Overview and Learning Outcomes
Miriam: Thank you very much, Amy, and thank you to everyone for joining me today. As Amy mentioned, we are going to be talking about how the speech-language pathologist fits into concussion management.
Some people might say, “Of course we fit into concussion management and treatment!” without any question. However, speech-language pathologists are often not listed as one of the primary professions involved with concussion. We will talk about that more today.
These are our learning outcomes: We are going to be defining concussion, and differentiating between concussion and other traumatic brain injuries (TBI). We will be naming the symptoms of concussion and their consequences. We are going to identify the role of the speech-language pathologist in the prevention, assessment, and treatment of concussion. Lastly, we will talk about tools for assessment and treatment that can be used to help people who have sustained a concussion. There is an outline of the agenda in your slides.
Before we get started, I wanted to do a survey of our audience today to see what areas you are working in. If you are an SLP who is working in a school, could you please let me know? If you are in a medical setting, could you please let me know by giving me the thumbs up this time? Okay, great. It looks like today we have more people who are working in schools than medical settings.
Just so you know, my background has primarily been in the medical setting. I have worked with students - primarily high school and college-aged students - who have sustained concussion, as well as adults. A lot of what we are going to talk about today, though, does relate to students, and returning to school, and different issues that happen with students with concussion. Also, some of the things that we will talk about today can be applied to adults as well.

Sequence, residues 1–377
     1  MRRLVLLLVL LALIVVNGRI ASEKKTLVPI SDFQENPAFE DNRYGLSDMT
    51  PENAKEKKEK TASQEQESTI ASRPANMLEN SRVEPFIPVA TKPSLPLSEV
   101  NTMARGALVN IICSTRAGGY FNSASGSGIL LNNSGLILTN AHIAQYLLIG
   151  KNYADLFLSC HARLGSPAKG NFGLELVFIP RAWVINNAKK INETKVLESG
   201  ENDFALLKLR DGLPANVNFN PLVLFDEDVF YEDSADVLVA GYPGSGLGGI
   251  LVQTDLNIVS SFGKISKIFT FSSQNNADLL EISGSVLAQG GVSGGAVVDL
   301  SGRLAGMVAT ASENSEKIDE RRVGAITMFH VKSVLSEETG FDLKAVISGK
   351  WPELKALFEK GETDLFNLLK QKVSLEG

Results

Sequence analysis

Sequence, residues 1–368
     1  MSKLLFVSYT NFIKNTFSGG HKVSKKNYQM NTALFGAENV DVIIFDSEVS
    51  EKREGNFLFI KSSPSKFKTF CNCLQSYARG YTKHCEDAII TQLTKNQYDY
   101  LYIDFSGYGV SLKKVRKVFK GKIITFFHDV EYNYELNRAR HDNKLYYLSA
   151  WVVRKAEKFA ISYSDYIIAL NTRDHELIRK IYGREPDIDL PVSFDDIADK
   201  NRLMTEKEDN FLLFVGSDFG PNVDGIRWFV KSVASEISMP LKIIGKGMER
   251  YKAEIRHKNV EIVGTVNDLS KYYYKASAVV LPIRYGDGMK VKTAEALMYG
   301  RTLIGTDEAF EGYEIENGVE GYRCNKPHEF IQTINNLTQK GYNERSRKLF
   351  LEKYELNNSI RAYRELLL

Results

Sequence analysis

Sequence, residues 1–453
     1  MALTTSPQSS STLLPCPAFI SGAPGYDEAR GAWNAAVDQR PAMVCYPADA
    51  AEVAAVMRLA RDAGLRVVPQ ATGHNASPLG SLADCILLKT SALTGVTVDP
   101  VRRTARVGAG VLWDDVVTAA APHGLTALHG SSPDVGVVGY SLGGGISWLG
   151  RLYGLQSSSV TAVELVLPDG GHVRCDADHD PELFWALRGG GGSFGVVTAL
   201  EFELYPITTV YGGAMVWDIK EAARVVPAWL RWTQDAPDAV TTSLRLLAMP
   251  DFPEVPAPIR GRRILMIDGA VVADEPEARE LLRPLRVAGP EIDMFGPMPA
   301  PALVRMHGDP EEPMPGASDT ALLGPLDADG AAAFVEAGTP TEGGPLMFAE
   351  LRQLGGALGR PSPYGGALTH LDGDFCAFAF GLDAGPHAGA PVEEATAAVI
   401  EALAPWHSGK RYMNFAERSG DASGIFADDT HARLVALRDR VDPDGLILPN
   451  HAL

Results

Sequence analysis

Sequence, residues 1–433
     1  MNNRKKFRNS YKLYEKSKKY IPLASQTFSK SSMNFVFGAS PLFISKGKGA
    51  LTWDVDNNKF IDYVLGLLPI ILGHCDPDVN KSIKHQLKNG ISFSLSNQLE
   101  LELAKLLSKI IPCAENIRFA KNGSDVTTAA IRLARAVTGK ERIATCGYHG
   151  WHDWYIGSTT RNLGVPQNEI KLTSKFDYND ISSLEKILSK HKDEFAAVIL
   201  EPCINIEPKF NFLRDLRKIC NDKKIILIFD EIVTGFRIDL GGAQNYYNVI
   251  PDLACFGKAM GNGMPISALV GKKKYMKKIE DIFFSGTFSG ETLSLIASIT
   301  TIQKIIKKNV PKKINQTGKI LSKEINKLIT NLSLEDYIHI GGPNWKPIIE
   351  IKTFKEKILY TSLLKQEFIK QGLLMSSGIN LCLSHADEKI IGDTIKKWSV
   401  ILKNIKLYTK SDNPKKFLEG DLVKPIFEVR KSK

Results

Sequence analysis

There is a lot of talk about concussion, and The Centers for Disease Control and Prevention (CDC) estimate that between 1.6 and 3.8 million concussions occur annually as a result of participation in sports and recreational activities. If you look at those numbers, it is really a broad range. Part of the problem is that it is really difficult to pinpoint exactly how many concussions are occurring annually.
Part of that issue has to do with the fact that the CDC can track concussions if a person is treated in an emergency room or hospital, but if the person is treated by a physician, an athletic trainer or some other healthcare professional, the CDC cannot really track those numbers. This is why there is such a big range of numbers for concussions.
Also, we know a lot of concussions actually still go unreported. There have been several studies that have found athletes often do not report it when they are having symptoms of a concussion. There are many reasons for this. Perhaps the athlete does not want to be removed from play. Perhaps the athlete has a lack of knowledge about concussion symptoms, so they might not even recognize that they are having a concussion. This also all relates to attitudes of coaches, parents, and teammates. If the attitude is “Shake it off, get back in the game,” someone may be less likely to report that they have sustained a concussion or that they think something is wrong.